In an interview with McKinsey, Bryan Neider, the COO of Electronic Arts (EA), discussed how the increase in bandwidth availability and the widespread adoption of connected devices had changed the electronic gaming business.
Here are some of the highlights (but do head over to the original article, here, for further insights, such as the type of metrics used by the company).
Product and new product development
The games can be delivered digitally – e.g., downloaded – in addition to the traditional format based on a physical support (e.g., a CD-Rom).
Games are no longer a stand-alone product, but a ‘digital universe of content’. They need to be accessible anytime, anywhere and on any device.
Games are always live and evolving. Once released, games may be continually improved and new features added, in response to analysis of data such as:
- Where in the game are consumers dropping out?
- Did we make it too difficult or too long?
- What is the network effect of getting new players into the game?
- How many people finish a game? Did people finish too fast?
The fact that so many customers choose to download the game rather than buying it in physical support means that EA can sell directly to its customers, bypassing retailers.
The company is exploring new business models like micro transactions within free-to-play games. In this model, users play the game for free but have the option to purchase items that accelerate progress within the game, or that improve the playing experience.
Another stream of revenue is advertising within the game.
Direct access to customers means that EA does not need to rely on its retail partners’ weekly reports. Moreover, as users are often playing on devices with access to the Internet, the company can collect data through ‘telemetry’. Bryan Neider explains:
‘When players log in, they are asked whether they permit us to use the telemetrics of, for example, their handheld device, to communicate information from their game back to us. Many do. This is a critical tool because it permits us to watch real game playing so that we can understand quite objectively when something is working and when it isn’t.’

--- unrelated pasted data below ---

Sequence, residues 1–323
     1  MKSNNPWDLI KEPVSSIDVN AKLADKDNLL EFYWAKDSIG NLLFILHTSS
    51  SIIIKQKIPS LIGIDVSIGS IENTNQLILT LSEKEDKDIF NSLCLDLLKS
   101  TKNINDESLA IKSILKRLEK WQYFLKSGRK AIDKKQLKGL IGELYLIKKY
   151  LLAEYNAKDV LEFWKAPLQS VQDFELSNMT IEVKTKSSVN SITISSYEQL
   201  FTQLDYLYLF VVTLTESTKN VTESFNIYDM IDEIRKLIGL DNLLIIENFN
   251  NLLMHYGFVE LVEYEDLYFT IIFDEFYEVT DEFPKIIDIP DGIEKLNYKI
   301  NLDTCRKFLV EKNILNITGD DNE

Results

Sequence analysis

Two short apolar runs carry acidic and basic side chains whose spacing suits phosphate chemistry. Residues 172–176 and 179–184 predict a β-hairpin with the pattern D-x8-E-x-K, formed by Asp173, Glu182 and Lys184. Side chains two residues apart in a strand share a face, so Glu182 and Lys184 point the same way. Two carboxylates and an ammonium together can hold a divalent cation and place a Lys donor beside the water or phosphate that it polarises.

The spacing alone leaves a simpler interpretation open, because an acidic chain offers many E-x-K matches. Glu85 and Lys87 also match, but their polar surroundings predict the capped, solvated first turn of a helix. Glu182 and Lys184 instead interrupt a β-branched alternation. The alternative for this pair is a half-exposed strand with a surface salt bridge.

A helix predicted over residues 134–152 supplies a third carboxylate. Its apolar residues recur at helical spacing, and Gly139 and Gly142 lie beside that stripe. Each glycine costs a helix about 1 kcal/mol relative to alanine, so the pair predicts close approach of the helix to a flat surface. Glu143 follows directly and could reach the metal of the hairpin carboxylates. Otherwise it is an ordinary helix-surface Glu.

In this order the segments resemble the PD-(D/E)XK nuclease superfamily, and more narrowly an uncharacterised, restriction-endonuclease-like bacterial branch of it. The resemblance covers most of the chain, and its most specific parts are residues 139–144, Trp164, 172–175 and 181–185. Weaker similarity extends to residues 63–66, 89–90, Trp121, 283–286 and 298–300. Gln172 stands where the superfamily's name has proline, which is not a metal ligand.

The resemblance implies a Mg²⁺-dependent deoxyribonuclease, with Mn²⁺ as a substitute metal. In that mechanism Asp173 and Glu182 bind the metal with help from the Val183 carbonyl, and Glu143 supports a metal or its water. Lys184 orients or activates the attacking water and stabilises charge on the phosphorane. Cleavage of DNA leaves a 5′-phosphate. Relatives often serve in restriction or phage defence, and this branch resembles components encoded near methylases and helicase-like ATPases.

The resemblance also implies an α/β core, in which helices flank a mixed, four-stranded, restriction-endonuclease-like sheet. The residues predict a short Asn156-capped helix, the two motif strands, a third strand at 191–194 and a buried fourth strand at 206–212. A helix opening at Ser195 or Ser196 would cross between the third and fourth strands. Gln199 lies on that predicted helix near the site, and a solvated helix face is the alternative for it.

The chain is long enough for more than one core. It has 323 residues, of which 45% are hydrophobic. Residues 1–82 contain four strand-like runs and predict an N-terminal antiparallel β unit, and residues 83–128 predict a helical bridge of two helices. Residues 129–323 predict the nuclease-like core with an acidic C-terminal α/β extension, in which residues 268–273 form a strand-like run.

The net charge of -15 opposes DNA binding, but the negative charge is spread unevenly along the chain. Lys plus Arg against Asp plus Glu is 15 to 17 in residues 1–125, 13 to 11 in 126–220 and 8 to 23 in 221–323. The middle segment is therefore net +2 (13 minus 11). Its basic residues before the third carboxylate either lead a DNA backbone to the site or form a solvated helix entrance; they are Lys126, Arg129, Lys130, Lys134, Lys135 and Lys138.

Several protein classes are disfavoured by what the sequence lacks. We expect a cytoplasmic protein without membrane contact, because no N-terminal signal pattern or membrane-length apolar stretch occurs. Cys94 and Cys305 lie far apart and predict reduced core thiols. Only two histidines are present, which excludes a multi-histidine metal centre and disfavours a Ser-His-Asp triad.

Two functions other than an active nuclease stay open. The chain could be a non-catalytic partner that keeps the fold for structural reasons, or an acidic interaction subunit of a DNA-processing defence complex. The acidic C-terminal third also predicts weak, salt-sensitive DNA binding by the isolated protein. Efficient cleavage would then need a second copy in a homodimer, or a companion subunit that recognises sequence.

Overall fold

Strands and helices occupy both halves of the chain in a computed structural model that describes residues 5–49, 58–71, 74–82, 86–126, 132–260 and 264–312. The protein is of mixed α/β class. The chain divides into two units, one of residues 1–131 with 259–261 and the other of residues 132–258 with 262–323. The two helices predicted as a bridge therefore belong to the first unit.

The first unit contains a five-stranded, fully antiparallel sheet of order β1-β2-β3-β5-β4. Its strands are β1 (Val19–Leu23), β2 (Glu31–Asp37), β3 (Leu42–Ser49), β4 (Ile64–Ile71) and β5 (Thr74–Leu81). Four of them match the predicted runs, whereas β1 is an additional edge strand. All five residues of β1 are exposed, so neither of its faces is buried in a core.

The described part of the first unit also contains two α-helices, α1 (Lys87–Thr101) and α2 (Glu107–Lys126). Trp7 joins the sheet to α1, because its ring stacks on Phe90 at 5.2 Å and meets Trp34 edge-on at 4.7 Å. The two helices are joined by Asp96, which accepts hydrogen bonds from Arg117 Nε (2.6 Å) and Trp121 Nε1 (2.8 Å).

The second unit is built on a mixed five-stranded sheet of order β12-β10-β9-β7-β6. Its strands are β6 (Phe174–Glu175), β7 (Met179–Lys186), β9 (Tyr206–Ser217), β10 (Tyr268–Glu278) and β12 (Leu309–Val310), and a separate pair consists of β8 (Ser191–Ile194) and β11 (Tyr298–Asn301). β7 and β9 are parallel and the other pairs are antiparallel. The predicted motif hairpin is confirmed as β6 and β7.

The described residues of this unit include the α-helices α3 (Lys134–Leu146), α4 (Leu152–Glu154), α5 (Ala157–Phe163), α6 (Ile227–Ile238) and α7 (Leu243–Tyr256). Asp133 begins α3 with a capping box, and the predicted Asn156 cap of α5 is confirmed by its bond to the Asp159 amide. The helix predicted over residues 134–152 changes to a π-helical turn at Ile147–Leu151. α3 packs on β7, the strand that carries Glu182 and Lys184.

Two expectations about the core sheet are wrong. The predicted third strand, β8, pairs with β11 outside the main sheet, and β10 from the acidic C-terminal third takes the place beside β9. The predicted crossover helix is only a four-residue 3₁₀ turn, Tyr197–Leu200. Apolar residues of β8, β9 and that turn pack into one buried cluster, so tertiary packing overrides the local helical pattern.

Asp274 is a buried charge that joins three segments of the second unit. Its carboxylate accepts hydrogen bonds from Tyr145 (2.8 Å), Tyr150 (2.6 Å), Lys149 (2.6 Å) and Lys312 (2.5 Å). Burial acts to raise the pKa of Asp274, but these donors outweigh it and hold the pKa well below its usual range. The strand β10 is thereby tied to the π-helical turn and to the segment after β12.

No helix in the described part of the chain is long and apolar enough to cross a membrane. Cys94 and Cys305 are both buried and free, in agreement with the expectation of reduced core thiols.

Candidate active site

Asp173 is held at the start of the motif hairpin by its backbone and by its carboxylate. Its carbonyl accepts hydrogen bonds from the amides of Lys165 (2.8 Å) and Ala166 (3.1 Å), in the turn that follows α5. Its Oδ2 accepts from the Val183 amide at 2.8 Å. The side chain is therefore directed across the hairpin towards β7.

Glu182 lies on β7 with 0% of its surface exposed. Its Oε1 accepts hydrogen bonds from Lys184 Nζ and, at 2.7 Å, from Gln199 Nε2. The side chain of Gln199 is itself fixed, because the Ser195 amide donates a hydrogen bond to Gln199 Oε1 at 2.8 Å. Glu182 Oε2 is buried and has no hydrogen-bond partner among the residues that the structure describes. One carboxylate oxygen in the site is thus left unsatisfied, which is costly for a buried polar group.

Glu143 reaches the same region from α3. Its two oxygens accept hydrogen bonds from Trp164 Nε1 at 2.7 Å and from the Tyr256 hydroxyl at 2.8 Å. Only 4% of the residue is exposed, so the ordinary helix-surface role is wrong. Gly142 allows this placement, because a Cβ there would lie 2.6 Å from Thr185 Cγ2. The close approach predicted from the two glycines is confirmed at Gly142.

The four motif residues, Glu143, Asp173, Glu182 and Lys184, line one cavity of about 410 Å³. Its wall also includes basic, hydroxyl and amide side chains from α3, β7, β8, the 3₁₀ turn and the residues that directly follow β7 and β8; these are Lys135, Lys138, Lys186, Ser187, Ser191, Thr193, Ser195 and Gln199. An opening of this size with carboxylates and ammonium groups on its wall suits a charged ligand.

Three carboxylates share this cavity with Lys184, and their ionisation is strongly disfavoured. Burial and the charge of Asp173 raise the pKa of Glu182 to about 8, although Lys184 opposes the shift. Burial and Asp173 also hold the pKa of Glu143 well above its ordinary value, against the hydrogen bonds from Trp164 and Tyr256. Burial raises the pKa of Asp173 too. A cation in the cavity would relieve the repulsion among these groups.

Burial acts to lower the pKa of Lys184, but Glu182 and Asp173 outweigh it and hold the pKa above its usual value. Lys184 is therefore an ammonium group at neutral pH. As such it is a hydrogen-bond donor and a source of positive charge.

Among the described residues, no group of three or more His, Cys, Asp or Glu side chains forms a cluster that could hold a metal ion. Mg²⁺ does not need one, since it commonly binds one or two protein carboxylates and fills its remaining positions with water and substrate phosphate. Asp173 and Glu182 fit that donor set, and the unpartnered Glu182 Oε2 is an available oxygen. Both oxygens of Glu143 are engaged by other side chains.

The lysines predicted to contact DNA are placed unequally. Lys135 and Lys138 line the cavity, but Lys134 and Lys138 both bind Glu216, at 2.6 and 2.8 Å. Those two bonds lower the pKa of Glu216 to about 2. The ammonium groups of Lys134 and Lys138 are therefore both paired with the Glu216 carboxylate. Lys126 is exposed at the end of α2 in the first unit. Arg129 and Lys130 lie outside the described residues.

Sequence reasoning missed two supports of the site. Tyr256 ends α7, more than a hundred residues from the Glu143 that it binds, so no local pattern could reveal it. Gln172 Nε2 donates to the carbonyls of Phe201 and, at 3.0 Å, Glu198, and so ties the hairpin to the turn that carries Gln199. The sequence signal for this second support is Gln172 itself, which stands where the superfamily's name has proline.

Telemetry, the use of multiple platforms, etc means that EA is now able to obtain deep customer insight and develop extensive profiles of users. Based on gaming behaviour and purchasing patterns, EA can calculate the gamer’s lifetime value. EA also understands how users interact with the products, the pain points, and can respond very quickly, fine-tuning the game and improving the experience for the different type of gamers. In addition, the company solicits feedback from users at different points in the game.
EA also surveys blogs and social media, and actively engages with the player community for feedback on early versions of new games. Comments are continuously reported back to the development team, with the caveat that such feedback tends to be polarized and not necessarily reflect the views of the majority.
Customer Relationship Management
The company is focused on the lifetime value of each customer. The direct relationship with the customers, the added insight and the ability to continually develop the game to reflect players’ preferences have enabled EA to build a close relationship with its customers. It also enabled the company to overturn the situation it was facing a few years earlier, with game-quality scores going down and costs going up.
Electronic Arts is a great case study of how digital and the always on society has transformed the business environment, don’t you think?
4 thoughts on “The impact of digital and connectivity in gaming”
Wow, not being a gamer myself, I never thought about the impact of the digital world. Bet it took a lot of thinking for all players in this market. And some didn’t make it, for sure!
Some companies implemented superficial changes, only – e.g., download vs. CD-Rom. Others, like EA, embraced the challenge and rethought the business model (e.g., pricing, innovation schedule…).
I find gaming very interesting because it has been turned on its head.
The model was for multiple ecosystems – closed shops around different closed forms but the move to mobile has democratised the industry and now it’s swimming in the world of Apple and Android – sorry MS you are not in the game.
The mobile guys are in a world where the model is a micro purchase (for IOS) – a couple of bucks- and in Google Play its free because distribution can be circumvented and it has to be free.
There is a lot being learnt in the UK now on monetizing games and the smarter use of in game ads and the use of in game purchases. This is a creative experimental industry and watching them will offer lessons for the rest of the digital world.
There is a WOM factor in games and buzz matters – NESTA-aligned AppyNation are helping UK indie game houses understand that hype-cycle and guys like Will Luton are curating the learning of Free to Play and connecting and sharing wisdom via webinnars and twitter.
I am not a gamer – never have been and unlikely to be – but reframing their learning and applying it to wider digital is valuable – I watch them like a digital anthropologist – game-makers are fascinating specimens 🙂
I agree with you – other industries can learn a lot from how gaming is adjusting to digital (starting with revenue models). Talking of creativity, I attended a presentation some time ago where the speaker was describing how virtual money and micro-payments were being used for money laundering…